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Table 3. Posterior summaries for IgE quantitation probability and difference for tetanus toxoid and hen’s egg by age and assigned treatment.

https://doi.org/10.1371/journal.pmed.1004414.t003

Reactogenicity

The distribution of daily grades for solicited local and systemic adverse reactions following each vaccine occasion are presented in Figs 57 and in Section E in S1 Text. After the 6-week doses, 74 [99%] of 75 diary cards were returned in the mixed schedule group and 72 [96%] of 75 in the aP-only schedule group. Paracetamol use after the 6-week vaccine doses on more than one occasion was recorded among 59 [79%] of 75 wP and 52 [69%] of 75 aP recipients.

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Fig 5. Maximum injection site reaction size in the 7 days after the 6-week, 4-month, and 6-month vaccine doses.

aP, acellular pertussis vaccine; wP, whole-cell pertussis vaccine; 13vPCV: 13-valent pneumococcal conjugate vaccine; DTaP-Hib-HepB-IPV, hexavalent aP vaccine (diphtheria, tetanus, aP, Haemophilus influenzae type b, hepatitis B, and inactivated poliovirus types 1, 2, and 3 vaccine). Above each bar (n/N), we indicate the number of infants reporting any injection site reaction > 0 mm (numerator; n) versus the total number of infants reporting on injection site reactions ≥ 0 mm (denominator; N).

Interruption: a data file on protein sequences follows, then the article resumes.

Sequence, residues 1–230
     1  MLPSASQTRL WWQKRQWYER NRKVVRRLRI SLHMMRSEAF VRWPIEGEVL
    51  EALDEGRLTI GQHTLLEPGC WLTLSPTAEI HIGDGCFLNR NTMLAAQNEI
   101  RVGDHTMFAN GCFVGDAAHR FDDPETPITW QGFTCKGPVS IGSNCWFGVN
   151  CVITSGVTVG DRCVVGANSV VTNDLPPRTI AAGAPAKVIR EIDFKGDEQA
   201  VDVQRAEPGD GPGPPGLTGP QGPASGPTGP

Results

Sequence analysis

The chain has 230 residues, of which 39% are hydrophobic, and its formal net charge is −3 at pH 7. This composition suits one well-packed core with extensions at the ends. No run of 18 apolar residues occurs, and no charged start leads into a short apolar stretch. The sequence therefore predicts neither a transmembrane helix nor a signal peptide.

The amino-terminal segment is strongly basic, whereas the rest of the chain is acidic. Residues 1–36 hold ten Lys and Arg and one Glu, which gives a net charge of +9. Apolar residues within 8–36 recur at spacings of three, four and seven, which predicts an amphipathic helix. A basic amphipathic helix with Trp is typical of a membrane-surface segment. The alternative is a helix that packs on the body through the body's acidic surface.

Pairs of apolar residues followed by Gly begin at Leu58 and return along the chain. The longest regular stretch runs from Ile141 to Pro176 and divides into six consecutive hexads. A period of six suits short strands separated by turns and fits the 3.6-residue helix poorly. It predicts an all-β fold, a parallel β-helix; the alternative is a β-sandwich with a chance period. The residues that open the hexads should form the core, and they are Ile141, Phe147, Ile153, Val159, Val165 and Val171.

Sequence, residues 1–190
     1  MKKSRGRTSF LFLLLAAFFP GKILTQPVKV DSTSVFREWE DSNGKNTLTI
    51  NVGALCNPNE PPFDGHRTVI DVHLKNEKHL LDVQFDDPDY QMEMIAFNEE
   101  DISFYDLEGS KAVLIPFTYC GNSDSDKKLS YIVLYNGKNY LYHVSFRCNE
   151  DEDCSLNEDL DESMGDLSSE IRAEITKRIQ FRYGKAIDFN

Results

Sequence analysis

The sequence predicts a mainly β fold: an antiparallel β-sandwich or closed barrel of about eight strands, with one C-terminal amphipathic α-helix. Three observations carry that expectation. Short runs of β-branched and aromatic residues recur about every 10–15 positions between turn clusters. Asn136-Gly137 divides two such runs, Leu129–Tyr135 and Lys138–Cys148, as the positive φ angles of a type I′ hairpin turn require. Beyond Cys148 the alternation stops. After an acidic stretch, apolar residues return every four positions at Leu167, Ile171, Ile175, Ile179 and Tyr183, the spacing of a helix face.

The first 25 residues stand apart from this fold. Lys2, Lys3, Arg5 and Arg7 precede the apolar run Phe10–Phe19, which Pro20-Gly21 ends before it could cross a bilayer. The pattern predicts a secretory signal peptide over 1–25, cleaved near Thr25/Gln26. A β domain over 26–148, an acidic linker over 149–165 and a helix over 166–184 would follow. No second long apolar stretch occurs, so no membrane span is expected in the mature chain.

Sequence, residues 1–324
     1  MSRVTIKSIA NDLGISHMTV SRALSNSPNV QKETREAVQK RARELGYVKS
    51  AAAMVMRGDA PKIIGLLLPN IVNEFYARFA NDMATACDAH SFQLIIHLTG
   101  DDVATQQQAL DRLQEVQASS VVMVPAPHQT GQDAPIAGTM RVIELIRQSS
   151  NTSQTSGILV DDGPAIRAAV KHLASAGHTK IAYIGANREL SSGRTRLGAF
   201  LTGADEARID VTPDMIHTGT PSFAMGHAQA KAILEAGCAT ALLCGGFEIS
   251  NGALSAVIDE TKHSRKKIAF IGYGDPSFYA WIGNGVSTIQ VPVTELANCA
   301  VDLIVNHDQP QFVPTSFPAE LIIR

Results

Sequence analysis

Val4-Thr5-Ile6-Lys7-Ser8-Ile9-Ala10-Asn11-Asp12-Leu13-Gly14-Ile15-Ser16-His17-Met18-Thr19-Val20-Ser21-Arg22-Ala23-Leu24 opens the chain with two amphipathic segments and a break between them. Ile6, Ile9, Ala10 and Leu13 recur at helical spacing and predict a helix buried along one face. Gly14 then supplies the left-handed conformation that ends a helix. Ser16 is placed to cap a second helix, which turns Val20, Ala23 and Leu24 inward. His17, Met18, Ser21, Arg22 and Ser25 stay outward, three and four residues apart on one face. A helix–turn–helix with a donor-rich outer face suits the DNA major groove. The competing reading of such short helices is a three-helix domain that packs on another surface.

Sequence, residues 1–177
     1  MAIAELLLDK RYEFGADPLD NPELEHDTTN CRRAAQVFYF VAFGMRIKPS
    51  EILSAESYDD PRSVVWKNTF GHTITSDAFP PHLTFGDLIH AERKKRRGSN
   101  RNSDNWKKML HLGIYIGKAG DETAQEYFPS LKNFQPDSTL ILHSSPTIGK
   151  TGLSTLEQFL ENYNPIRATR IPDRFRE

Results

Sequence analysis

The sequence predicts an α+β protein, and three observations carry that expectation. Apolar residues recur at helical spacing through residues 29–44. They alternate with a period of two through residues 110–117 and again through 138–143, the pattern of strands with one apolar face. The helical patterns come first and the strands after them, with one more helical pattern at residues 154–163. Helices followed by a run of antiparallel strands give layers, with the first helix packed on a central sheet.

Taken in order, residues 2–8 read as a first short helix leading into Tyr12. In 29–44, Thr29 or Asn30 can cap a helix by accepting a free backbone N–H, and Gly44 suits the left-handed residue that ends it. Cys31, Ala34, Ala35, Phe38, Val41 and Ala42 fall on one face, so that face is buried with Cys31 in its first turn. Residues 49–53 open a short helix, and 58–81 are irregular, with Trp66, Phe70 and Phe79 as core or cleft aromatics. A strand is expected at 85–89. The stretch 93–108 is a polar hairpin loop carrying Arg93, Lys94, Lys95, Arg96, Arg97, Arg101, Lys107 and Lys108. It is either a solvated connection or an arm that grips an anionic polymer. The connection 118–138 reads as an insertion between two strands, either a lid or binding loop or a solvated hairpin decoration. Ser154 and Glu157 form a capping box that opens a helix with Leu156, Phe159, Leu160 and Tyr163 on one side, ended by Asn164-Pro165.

https://doi.org/10.1371/journal.pmed.1004414.g005

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Fig 6. Injection site pain in the 7 days after the 6-week, 4-month, and 6-month vaccine doses.